Brandon Meriweather is facing a heavy fine or possibly a suspension after Sunday’s game against the Chicago Bears.
Here was the situation: Meriweather earned two personal fouls Sunday – the first for a hit on Bears wide receiver Alshon Jeffery in the third quarter and then another for a hit on a defenseless receiver when he popped Brandon Marshall in the end zone on what turned out to be an incomplete pass.
I look for this to be a very expensive week for him, whether it’s a suspension or fine.
Remember, Meriweather is the player who knocked out Green Bay Packers running back Eddie Lacy (which cost him $42,000) and on another hit he knocked himself out while laying a guy out on the sideline in that same Week 2 game.
He’s no stranger to fines, racking up $95,000 in fines for illegal hits from 2010-11.
The NFL does not look kindly upon repeat offenders like Ndamukong Suh, and Meriweather is going to find himself in that category as well. The Washington Redskins player said after his $42,000 fine that it might be time to change the way he hits. Today proves he’s yet to do that.
SEEING IS BELIEVING
Officials are not in the business of guessing – there must be visual evidence for calls to happen, or for them to be changed.
Here was the situation: The San Diego Chargers had the ball, third-and-4, on the Jacksonville 5-yard-line. Philip Rivers passed it to Antonio Gates for a 3-yard gain. As he was going down, the ball came loose and following the pileup, Jaguars safety Johnathan Cyprien came out with the ball, but no turnover was awarded. Jacksonville challenged the play, but it was upheld.
Just about everybody, including me, thought this was a fumble. And actually, so did referee Walt Coleman and replay official Bob Boylston. But, what you didn’t have here was a clear recovery by the defensive team before the ball went into the pile. Without that clear recovery, you have to stay with the call on the field.
The mistake was in the announcement. The referees have been told, and will be told again, that as part of their announcement in this situation they are to say “Although it was a fumble, there was no clear recovery by a defensive player before the ball went into the pile. Therefore, by rule, the ruling on the field must stand.”
Look for the referees’ announcements to clarify that in the future.
ONE SMALL STEP FOR MAN …
Here is one you are not likely to see too many times.
Here was the situation: Washington Redskins quarterback Robert Griffin III threw a short pass to receiver Leonard Hankerson who then ran up the sideline, stepped out of bounds at the 5-yard-line, but dove for the end zone and hit the pylon. He was ruled out on the 5-yard-line, and a replay upheld that ruling.
A player being ruled out of bounds is not reviewable. However, if it happens near the goal line, then you can review the play through the first step after the runner was ruled to have been out. So, therefore, if the runner takes one step or less and then dives to the goal line, that whole process becomes reviewable. If he takes two steps and then dives after being ruled out of bounds, then it is not reviewable.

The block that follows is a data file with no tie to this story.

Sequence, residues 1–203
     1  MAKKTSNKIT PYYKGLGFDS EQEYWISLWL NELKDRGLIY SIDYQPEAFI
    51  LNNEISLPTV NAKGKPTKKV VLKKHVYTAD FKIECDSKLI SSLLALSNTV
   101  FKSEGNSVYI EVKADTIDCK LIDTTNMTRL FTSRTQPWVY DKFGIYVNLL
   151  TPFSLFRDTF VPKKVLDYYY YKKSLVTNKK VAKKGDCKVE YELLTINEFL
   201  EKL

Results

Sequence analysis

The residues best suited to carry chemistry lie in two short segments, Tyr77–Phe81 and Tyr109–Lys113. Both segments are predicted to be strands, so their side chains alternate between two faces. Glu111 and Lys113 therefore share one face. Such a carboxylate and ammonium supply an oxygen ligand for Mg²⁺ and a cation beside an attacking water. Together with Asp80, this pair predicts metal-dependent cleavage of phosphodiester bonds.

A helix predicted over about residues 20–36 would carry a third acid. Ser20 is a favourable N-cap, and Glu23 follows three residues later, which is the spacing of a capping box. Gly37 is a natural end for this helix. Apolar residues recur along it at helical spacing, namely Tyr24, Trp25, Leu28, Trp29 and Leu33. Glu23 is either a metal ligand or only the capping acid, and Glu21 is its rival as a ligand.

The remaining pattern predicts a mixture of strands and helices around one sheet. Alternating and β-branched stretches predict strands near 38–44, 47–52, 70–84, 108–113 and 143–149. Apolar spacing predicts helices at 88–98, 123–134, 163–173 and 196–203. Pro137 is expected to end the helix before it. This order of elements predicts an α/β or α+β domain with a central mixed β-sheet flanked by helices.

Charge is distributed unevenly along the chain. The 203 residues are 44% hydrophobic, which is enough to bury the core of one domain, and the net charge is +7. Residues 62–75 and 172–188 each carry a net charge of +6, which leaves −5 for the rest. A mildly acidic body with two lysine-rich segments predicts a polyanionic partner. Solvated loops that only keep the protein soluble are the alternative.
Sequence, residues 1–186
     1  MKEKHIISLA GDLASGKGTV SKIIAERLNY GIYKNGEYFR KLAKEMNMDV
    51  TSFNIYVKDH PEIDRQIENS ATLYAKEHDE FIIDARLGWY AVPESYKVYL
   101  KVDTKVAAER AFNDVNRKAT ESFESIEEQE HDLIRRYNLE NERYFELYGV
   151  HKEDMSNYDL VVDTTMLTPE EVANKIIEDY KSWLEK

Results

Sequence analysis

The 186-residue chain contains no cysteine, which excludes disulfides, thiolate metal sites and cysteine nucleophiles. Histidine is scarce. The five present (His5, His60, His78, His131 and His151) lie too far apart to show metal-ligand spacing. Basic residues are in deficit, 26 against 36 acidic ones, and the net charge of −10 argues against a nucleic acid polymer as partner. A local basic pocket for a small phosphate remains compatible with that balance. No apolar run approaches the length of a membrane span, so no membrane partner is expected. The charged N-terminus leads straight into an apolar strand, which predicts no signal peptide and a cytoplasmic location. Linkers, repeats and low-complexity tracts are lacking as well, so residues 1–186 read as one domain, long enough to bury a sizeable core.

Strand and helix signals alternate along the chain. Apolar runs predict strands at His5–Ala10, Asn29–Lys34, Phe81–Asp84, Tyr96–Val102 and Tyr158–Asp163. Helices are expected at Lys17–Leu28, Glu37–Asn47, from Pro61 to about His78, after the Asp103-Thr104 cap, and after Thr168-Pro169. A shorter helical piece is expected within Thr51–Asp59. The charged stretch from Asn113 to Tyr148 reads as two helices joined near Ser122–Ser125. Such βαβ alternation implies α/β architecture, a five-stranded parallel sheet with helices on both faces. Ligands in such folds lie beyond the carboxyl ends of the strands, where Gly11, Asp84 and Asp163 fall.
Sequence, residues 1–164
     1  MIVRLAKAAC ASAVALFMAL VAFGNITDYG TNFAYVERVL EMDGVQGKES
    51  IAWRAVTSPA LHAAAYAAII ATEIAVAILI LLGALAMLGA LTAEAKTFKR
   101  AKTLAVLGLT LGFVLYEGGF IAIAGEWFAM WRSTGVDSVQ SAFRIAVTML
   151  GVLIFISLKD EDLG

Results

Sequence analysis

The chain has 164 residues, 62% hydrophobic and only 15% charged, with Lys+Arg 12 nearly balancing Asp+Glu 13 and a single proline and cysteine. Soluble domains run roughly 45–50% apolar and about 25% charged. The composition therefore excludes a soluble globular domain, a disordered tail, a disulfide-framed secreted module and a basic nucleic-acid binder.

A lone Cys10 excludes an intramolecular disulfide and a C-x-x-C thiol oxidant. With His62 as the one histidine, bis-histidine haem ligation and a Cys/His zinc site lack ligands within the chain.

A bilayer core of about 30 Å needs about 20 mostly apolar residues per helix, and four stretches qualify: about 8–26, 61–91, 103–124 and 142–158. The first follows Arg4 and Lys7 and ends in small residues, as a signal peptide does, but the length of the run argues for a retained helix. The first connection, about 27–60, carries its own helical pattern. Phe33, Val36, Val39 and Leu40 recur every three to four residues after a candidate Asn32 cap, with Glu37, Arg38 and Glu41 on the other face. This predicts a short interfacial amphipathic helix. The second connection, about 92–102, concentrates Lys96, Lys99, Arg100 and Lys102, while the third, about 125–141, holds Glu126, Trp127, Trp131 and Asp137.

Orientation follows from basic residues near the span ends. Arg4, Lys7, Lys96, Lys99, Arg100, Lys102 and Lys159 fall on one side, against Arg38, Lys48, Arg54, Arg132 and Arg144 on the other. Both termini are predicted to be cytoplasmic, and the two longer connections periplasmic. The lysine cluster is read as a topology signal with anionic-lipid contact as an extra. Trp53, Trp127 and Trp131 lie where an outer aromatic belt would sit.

In this case, Hankerson dove toward the goal line from that step that where he was ruled out of bounds. The ruling on the field was upheld, which is proper because the toes on his left foot looked like it stepped out. But had Hankerson not been out-of-bounds, since the subsequent dive was right from that step, it could have been reviewed (he did not reach the pylon before landing out of bounds anyway).
KEEP YOUR HANDS TO YOURSELF!
Players must remember: officials are untouchable.
Here was the situation: At the conclusion of a run up-the-middle by Cincinnati Bengals running back Giovani Bernard at the 8:19 mark of the second quarter, teammate Jermaine Gresham was flagged for unsportsmanlike conduct after brushing off an official.
Officials are allowed to put their hands on players when they are trying to break up a scuffle. Players are not allowed to knock the officials’ arms off of them – it’s as simple as that. Officials also have the right to use discretion whether to eject the offending player for contact with an official, which it appears they did not do. However, from the appearances of the game Bengals head coach Marvin Lewis chose to send Gresham to the locker room as part of a disciplinary process.
As a result of this incident, Gresham can also expect to be lighter in his wallet later this week.
A HAIRY SITUATION
This play raised a very interesting question: When is pulling of the hair a foul and when is it not?
Here was the situation: Philadelphia Eagles cornerback Bradley Fletcher pulls Cowboys B.W. Webb’s hair as they are running down field during the first Cowboys punt of the day at the 11:39 mark in the first quarter. No penalty was called on the play and the Eagles punt receiver called for a fair catch.
This is a question that, as far as I can garner, has never been asked before.
We’ve only ever thought of hair pulling in relation to making a tackle – if you pull a player to the ground by grabbing his hair it is not a foul. However, if he is on the ground and you pull him off the ground by lifting him by the hair it is a foul.
But the question never came up whether it is holding when pulling a player by the hair and restricting his ability to get downfield or restricting his ability to get to a quarterback or a runner. The answer seems to be yes, so you treat the hair just like you would grabbing the jersey or wrapping up and tackling a guy in regards to holding. The consensus seems to be that if you are pulling the hair and you restrict the player then holding would be the proper call.
However, in this case there wasn’t enough restriction because on a punt play the standard for holding is different, especially on the gunner. Fletcher pulls Webb’s hair and let go without twisting him all the way around or pulling him to the ground.